Monitoring, tracking and evaluation
Countries need to be able to assess both their status and momentum whether they are in the phase of planning, engaged in the transition or already at a certain endpoint of a larger reform. They need to know whether the country is moving closer to or further away from the goals associated with universal coverage.
Monitoring policy and reforms
Monitoring progress towards universal coverage and the health financing reforms undertaken needs to focus on changes to the extent to which people have access to needed, good quality health services and to financial risk protection.
Countries also need to monitor their progress regarding some of the key health financing indicators. Information provided by the National Health Accounts (NHA) is the key source for this information. Countries can also use other information and indicators that are relevant to their context and policy aims. Ideally, this requires a comprehensive health information system that integrates all the needed health system indicators and information collection and tracking mechanisms. It also requires having people with the necessary policy analytic skills and mandate, both to analyze the data for tracking indicators, and to develop and implement an evaluation framework tailored to their country’s specific challenges and financing reform agenda.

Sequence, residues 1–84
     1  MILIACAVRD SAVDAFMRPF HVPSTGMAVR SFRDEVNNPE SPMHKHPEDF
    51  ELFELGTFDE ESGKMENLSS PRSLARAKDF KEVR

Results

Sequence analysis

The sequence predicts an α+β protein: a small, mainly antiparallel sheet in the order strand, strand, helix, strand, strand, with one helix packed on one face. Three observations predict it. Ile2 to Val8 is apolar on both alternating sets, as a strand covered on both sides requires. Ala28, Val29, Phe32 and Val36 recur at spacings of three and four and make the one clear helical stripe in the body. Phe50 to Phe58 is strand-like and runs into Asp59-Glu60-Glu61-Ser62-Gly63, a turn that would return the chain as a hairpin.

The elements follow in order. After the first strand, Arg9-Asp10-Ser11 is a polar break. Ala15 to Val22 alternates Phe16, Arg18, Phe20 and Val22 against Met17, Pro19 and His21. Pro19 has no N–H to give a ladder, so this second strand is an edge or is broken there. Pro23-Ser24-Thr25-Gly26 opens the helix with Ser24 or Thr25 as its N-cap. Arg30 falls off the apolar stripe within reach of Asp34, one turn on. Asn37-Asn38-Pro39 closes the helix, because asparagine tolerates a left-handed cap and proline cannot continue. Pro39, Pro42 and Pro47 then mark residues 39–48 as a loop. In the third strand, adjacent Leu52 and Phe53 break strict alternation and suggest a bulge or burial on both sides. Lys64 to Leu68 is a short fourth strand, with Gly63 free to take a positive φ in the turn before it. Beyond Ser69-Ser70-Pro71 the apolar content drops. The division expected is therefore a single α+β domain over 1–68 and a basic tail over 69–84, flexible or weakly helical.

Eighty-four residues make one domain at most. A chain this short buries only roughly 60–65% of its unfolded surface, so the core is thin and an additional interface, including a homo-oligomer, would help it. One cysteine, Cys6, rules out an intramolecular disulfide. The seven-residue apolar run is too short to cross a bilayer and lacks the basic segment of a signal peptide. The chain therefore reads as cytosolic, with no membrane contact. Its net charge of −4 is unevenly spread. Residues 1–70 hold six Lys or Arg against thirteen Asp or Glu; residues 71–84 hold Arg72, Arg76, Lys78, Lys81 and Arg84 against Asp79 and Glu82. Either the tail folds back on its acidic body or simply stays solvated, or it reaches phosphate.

Some of the information needed to effectively monitor changes in out-of-pocket spending and financial risk protection comes from household surveys. There is often a need for better analytical use of household surveys, especially for access to services and financial risk protection.
To assess how reforms are influencing these and other objectives, such as aspects of efficiency for which contextualized country-specific measures would need to be developed, specific research methodologies need to be applied depending on the way that reforms are implemented (e.g. pilots, phasing, etc.). This assessment will often relying on a combination of household surveys, administrative data, and qualitative research.